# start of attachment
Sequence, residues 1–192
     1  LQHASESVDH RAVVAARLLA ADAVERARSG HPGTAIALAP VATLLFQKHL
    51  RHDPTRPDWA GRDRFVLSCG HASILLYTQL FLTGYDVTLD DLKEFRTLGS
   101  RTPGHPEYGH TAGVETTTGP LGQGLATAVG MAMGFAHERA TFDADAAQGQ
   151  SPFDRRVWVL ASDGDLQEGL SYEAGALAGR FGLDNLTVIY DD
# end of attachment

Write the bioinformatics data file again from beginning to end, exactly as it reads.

Sequence, residues 1–192
     1  LQHASESVDH RAVVAARLLA ADAVERARSG HPGTAIALAP VATLLFQKHL
    51  RHDPTRPDWA GRDRFVLSCG HASILLYTQL FLTGYDVTLD DLKEFRTLGS
   101  RTPGHPEYGH TAGVETTTGP LGQGLATAVG MAMGFAHERA TFDADAAQGQ
   151  SPFDRRVWVL ASDGDLQEGL SYEAGALAGR FGLDNLTVIY DD